Harvest of success

Another important aspect of the development strategy followed so far is the emphasis on growth enablers such as education, where major steps have been taken to enable youth to develop the knowledge and skills that will help accelerate the country's ongoing development drive and help further uplift Sri Lanka. There is little doubt that in addition to the expansion of traditional education, he was also thinking of the major strides made in the areas of Computer and Information and Communication Technology (ICT) literacy. Also associated is the enormous success of the Nenasala program, with more than 900 Nenasala centres in the country, which won the Bill and Melinda Gates Foundation's 2014 Access to Learning Award, given to the e-Library Nenasala Program, in recognition of it providing free access to computers and the Internet, to Sri Lankans in the rural areas, to boost digital literacy.

Coming to economic policies that were of most interest to the professionals and entrepreneurs present, President Rajapaksa said: "All of this combined with our positive economic policies with conducive macro-economic factors and the concessions for critical private investments, both local and from abroad, have seen the steady growth of GDP, leading to Sri Lanka achieving and soon exceeding a per capita earnings of US dollars 4,000 by next year; yes, the election year, when we will harvest part of the success in the previous five years.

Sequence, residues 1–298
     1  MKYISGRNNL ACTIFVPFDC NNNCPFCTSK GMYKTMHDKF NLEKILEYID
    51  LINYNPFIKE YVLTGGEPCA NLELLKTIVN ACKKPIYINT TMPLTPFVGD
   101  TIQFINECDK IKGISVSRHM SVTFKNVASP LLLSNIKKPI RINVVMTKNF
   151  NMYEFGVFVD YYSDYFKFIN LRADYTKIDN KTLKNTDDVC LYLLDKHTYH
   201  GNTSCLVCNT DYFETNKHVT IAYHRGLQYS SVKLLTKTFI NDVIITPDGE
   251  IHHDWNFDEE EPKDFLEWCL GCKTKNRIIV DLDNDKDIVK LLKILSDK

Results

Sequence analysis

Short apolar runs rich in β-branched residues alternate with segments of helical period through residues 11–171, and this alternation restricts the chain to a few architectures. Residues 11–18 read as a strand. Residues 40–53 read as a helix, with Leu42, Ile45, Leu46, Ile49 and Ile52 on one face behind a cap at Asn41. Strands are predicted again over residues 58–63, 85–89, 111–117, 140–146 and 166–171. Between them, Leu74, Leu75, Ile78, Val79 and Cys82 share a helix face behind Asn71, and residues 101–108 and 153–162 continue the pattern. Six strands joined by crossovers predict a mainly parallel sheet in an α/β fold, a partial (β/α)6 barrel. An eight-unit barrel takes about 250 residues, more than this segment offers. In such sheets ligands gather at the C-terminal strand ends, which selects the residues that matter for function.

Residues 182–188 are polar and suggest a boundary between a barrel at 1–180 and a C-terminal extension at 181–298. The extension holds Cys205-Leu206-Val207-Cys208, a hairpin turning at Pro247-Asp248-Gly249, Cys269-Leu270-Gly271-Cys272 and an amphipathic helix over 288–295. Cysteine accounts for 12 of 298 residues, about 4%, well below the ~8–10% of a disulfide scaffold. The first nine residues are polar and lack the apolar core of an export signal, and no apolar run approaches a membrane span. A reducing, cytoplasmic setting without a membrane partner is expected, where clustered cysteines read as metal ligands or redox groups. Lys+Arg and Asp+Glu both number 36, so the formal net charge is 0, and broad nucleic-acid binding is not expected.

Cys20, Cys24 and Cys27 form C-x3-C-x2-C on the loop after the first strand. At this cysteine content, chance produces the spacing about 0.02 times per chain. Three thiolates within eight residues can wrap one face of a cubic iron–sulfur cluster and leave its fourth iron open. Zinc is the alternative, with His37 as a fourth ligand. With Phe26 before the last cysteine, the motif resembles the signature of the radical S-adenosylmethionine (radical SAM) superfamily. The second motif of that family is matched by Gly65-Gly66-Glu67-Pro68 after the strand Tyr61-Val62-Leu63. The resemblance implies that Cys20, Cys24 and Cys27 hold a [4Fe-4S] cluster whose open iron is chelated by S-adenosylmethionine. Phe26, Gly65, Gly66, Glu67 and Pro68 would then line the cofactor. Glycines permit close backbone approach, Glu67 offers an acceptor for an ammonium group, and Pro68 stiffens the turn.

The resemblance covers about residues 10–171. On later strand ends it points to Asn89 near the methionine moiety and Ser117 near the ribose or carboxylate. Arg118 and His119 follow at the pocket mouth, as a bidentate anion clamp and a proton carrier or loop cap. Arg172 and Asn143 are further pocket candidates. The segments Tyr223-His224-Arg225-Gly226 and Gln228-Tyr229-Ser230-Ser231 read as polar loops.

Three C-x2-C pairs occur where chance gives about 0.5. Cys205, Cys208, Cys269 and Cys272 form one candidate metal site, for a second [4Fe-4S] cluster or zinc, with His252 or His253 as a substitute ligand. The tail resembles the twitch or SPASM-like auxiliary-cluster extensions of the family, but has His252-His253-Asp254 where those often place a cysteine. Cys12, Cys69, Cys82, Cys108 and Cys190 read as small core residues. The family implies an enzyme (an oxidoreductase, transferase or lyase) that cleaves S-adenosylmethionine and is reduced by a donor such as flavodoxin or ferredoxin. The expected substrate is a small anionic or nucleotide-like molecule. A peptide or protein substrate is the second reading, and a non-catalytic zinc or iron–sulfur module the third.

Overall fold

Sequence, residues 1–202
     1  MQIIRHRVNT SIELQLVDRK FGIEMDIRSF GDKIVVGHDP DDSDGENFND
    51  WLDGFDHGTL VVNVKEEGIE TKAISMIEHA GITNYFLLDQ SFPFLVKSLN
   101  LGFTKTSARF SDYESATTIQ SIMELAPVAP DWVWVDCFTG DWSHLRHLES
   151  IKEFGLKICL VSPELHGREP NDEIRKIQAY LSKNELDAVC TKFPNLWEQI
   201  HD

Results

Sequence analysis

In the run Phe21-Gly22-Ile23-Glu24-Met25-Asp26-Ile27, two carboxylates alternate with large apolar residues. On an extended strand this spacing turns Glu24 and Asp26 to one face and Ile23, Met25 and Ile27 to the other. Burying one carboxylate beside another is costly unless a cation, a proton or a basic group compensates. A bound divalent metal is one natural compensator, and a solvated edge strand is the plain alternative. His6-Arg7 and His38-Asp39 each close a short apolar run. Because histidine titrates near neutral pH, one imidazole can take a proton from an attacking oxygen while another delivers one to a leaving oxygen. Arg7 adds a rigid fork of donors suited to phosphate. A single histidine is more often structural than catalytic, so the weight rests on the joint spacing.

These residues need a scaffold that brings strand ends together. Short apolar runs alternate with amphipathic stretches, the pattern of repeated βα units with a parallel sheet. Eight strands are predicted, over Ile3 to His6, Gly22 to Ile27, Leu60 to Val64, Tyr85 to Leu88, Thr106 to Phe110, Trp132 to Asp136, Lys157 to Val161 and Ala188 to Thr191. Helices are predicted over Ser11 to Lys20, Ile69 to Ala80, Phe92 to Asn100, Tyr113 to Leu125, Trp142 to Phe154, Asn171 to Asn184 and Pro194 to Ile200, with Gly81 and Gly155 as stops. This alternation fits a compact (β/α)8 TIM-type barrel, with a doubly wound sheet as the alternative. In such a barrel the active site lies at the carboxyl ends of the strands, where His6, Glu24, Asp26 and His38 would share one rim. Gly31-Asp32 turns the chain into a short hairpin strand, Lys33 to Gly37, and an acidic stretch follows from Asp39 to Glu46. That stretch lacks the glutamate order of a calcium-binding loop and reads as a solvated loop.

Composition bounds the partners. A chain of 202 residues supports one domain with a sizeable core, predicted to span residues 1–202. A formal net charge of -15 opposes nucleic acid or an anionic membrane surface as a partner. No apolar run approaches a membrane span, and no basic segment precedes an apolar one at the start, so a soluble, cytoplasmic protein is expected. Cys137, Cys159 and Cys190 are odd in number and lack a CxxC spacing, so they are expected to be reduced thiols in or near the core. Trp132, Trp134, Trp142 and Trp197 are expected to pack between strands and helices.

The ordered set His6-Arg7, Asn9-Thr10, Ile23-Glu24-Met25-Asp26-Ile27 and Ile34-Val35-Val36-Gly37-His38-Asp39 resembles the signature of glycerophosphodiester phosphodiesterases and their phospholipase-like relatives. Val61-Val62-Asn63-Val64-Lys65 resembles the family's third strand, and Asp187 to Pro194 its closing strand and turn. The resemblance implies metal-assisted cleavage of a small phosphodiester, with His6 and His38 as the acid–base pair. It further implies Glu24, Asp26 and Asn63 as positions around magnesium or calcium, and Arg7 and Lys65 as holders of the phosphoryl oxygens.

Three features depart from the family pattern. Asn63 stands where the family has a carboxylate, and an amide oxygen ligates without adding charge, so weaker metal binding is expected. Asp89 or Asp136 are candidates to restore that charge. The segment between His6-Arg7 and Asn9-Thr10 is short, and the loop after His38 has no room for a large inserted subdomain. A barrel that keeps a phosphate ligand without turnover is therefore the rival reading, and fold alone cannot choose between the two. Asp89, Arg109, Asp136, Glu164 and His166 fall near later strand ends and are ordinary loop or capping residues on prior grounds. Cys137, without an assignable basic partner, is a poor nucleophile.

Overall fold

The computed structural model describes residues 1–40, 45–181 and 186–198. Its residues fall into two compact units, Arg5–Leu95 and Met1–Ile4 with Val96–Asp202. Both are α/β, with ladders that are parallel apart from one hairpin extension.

"Isn't this a record that you are glad to share and be part of?"

"The strategies of the government have made you partners in this pattern of progress. You have a major role to see this develop in the future without diversion into uncertain areas of unknown, untried and untested political thinking and practice," he said.

Future vision

Moving on to the future, that is most relevant to the campaign in this election, it was his view that: "Our future vision is to focus on making the maximum use of the good work done so far, the peace we have achieved, the stability we have restored, the democracy we have ensured, the infrastructure development we have brought about, all continuing to ensure a macro-economic environment, so necessary for further growth.
"We must further uplift the urban landscape and empower the villages to further improve the quality of life of our people."